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Knowing When to Hold on to Docs Can Be Tough Shredding

Remember Arthur Andersen? The erstwhile accounting giant’s 2002 criminal conviction on charges it had obstructed justice by deleting records related to the Enron collapse was a major victory for government prosecutors and set the tone for a wave of corporate scandals that came to characterize the first half of the decade.

Now it turns out the verdict was bogus. In May, the U.S. Supreme Court unanimously overturned the ruling, concluding that Andersen’s shreddingu00e2u20ac”which came after one of the firm’s attorneys sent employees an email reminding them of Andersen’s policy of routine document destructionu00e2u20ac”didn’t meet criminal standards. Although the shredding took place in the weeks before subpoenas were issued, government prosecutors convinced the jury that it was done to preventSEC investigators from learning details of Andersen’s involvement in Enron’s various off-balance-sheet activities.

” ‘Document retention policies,’ which are created in part to keep certain information from getting into the hands of others, including the government, are common in business,” the court observed in its opinion. “It is, of course, not wrongful for a manager to instruct his employees to comply with a valid document-retention policy under ordinary circumstances.”

The ruling came too late for Andersen, which died a slow and inglorious death following the conviction. (It’s tough to get state licenses with a felony on your record.) What it means to everyone else remains to be seen. Given the speed of the decisionu00e2u20ac”it came just five weeks after oral arguments were heardu00e2u20ac”and the fact that it was unanimous, some legal experts read it as a signal that justices think the government’s crackdown on white-collar crime might be going too far.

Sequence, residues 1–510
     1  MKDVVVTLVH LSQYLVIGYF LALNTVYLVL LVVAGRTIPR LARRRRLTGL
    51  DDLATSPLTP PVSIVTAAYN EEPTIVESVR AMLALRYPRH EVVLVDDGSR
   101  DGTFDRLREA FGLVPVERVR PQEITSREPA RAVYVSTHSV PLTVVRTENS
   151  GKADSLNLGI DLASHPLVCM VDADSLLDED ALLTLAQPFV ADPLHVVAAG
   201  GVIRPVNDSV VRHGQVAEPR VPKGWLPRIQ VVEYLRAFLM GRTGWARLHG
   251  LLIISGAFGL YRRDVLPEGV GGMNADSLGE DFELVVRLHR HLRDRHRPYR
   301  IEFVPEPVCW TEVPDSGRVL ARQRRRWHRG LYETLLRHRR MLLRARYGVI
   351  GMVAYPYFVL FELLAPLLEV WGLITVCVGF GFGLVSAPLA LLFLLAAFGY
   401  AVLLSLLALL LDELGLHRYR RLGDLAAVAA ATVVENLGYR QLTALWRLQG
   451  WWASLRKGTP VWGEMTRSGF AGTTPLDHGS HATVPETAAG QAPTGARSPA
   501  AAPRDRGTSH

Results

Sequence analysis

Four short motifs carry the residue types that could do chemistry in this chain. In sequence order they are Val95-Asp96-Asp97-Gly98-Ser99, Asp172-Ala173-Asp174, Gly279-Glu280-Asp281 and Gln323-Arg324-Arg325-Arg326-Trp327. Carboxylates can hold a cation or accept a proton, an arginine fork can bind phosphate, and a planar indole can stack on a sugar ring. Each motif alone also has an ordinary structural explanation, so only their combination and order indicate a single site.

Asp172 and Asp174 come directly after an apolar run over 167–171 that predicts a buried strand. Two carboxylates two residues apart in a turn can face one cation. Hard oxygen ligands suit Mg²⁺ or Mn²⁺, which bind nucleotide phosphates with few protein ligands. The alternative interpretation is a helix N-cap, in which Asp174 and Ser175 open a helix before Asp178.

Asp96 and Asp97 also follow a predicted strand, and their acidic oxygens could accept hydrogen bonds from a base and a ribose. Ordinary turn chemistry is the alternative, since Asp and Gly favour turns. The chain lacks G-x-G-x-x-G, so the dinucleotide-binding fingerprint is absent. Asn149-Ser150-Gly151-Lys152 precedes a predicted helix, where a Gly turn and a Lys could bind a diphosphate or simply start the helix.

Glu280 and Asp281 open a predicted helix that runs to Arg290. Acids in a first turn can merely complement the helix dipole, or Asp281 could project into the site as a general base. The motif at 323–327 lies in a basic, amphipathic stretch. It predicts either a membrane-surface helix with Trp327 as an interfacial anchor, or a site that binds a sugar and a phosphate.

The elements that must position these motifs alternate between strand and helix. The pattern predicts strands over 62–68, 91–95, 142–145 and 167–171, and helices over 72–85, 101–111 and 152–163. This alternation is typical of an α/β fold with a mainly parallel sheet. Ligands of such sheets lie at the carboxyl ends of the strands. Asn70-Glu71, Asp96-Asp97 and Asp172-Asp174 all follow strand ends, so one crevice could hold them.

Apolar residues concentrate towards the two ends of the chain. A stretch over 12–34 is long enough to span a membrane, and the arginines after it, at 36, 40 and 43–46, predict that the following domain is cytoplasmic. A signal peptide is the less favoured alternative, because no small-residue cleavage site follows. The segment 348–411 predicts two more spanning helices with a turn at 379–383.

That might be true, but don’t order the power-shredders just yet. While the decision “raises questions” about how some parts of the Sarbanes-Oxley Act will be interpreted by the courts, “at the end of the day, the climate for companies and executives is still one of fear and caution,” says Russell Ryan, a corporate governance partner with King & Spalding in Atlanta and a former assistant director of enforcement with the Securities and Exchange Commission. “Nothing in this ruling should be read as a green light to begin shredding documents or deleting emails.”

The Andersen case was tried under laws from the good-ol’ pre-Sarbanes-Oxley days, when prosecutors needed to prove that records were destroyed “knowingly … [and] corruptly.” Under Section 802 of Sarbanes-Oxley Act, the standard was weakened to simply shredding and deleting with an “intent to obstruct, impede or influence a legal investigation,” even if that investigation is merely pending or “contemplated,” notes Eliot Robinson, a securities and investment banking partner with Powell Goldstein in Atlanta. “The jury instruction that was found inappropriate under prior law with Andersen would likely be upheld under Sarbanes-Oxley.”